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Monthly Archives: October 2006

 In”Music in Hypertexts: Toward a Real Media Integration,”Francesca Chiocci argues music can create an hierarchy to guide readers through links and provide coherence to a site. Yet, by the definition provided by George P. Landow’s “The Definition of Hypertext and Its History as a Concept“, hypertext is pluralistic. It’s (re)written by each reader, and as Roland Barthes posits in S/Z, a hypertext is composed of signifiers, not signifieds (qtd. in Landow).

Can music provide a definitive signified in a hypertext medium? Should it? Even as we engage with technorhetorical strategies to create an hierarchy within a site, each link, each lexia, must remain independent. But if music could control a site, how might the writing change? Would it change?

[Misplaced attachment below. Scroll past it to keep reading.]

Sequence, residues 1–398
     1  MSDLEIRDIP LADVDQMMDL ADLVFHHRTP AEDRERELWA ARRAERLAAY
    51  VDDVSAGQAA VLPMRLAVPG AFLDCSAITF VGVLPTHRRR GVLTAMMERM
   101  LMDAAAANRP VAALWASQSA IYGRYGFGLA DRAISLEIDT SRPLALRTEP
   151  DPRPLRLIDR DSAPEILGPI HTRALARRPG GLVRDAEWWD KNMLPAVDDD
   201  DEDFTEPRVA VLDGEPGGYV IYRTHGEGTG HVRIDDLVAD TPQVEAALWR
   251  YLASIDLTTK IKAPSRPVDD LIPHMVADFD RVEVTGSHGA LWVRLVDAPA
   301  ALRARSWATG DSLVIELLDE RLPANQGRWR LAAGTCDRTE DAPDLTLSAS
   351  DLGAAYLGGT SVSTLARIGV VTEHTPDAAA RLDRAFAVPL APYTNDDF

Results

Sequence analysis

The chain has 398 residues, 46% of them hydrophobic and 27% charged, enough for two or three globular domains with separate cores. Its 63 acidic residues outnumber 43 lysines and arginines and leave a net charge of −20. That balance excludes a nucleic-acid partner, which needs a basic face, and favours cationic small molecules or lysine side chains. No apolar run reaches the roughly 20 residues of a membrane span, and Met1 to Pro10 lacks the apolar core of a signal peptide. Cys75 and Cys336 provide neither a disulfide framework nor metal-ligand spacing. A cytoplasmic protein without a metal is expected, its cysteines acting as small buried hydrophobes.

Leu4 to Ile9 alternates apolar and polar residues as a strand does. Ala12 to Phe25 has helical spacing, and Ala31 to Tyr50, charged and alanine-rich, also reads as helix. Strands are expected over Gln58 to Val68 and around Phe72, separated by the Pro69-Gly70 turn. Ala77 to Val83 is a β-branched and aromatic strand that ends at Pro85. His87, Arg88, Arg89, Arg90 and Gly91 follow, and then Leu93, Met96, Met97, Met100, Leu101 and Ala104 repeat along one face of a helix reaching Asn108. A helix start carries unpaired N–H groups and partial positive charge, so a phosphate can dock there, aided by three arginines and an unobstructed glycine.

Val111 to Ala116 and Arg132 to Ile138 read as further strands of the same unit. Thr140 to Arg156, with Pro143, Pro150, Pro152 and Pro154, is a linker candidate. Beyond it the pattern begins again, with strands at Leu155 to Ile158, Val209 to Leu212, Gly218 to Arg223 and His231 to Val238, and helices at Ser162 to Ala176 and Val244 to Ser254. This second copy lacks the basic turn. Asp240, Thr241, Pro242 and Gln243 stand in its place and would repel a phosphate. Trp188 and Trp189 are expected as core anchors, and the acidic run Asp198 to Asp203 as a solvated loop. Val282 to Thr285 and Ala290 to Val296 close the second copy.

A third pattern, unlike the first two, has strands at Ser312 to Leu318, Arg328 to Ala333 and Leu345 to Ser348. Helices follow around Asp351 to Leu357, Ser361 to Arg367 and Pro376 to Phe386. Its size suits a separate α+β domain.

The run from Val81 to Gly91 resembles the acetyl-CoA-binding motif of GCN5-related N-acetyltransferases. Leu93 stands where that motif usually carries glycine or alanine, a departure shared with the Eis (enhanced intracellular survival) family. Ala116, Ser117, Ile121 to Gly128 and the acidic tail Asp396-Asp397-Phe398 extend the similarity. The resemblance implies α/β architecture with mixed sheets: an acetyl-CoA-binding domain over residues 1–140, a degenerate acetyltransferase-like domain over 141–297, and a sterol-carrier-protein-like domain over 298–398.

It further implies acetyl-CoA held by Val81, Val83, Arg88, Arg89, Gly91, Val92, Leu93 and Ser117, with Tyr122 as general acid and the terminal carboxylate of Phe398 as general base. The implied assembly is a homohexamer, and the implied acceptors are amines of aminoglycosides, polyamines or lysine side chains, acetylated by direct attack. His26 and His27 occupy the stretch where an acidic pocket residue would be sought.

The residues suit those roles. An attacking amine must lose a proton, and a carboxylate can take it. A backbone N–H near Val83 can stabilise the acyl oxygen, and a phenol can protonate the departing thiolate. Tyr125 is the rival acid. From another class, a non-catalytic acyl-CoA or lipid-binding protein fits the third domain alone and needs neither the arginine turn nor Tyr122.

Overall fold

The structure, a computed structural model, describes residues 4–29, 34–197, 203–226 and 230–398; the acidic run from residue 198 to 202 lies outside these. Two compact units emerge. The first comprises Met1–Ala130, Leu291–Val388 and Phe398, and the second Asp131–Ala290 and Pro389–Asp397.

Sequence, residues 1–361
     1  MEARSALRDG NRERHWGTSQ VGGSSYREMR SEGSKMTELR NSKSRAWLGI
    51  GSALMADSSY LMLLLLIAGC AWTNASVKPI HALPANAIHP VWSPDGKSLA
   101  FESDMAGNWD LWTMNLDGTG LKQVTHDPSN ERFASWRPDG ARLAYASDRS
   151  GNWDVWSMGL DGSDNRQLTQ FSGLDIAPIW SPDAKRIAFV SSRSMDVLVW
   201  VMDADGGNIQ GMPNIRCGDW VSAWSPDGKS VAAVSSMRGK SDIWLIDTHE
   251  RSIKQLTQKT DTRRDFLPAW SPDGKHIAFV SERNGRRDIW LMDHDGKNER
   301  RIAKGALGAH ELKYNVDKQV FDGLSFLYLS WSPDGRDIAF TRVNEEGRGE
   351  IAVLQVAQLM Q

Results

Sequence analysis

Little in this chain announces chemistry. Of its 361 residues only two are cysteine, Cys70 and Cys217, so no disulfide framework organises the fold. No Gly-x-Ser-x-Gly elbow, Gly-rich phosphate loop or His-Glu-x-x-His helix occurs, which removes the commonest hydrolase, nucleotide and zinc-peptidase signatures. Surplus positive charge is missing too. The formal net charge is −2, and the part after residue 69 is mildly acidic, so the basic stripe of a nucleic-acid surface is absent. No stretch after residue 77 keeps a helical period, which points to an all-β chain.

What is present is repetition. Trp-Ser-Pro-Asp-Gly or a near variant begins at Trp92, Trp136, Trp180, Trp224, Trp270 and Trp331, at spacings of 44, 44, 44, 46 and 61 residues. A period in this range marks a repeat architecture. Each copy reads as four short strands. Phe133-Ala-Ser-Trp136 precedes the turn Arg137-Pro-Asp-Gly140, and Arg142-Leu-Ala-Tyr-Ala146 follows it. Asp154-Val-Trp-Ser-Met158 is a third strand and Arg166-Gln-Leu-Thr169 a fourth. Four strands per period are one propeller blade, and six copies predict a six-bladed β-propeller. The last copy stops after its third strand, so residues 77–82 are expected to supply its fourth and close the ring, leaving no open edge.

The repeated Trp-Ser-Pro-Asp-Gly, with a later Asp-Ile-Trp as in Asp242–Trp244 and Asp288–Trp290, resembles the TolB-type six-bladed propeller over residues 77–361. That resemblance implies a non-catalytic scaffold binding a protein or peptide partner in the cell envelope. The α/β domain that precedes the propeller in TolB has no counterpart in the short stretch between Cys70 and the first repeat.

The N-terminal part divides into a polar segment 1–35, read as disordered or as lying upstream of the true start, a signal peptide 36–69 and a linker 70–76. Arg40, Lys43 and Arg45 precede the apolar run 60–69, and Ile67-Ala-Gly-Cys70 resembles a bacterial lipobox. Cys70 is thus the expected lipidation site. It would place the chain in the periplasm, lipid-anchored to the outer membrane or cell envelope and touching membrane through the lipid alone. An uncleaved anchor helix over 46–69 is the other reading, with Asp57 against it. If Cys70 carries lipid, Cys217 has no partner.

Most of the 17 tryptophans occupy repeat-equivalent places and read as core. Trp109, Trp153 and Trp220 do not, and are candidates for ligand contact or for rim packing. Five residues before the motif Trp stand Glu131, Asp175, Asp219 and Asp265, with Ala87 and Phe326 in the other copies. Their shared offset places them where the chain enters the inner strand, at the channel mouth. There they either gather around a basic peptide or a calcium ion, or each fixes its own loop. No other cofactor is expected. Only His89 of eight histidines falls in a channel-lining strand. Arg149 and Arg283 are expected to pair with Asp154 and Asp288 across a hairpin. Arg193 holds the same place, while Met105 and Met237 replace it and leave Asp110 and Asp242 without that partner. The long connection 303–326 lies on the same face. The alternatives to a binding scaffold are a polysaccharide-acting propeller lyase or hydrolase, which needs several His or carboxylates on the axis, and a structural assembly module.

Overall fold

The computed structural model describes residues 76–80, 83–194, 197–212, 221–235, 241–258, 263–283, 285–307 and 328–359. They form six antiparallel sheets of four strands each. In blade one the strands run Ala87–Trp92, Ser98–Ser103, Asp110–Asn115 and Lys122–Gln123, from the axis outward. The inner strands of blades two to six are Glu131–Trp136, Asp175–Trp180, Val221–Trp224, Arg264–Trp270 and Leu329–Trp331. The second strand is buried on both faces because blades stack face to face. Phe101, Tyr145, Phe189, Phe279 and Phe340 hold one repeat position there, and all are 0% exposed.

Colorado State University offers excellent suggestions for collaborative writing. In the past, I’ve written collaboratively in several ways, including Divide The Writing Tasks and Gather to Write Together. These strategies work well, as long as you’re informed regarding the pitfalls of each type. What follows is a brief peek behind the scenes of each strategy.

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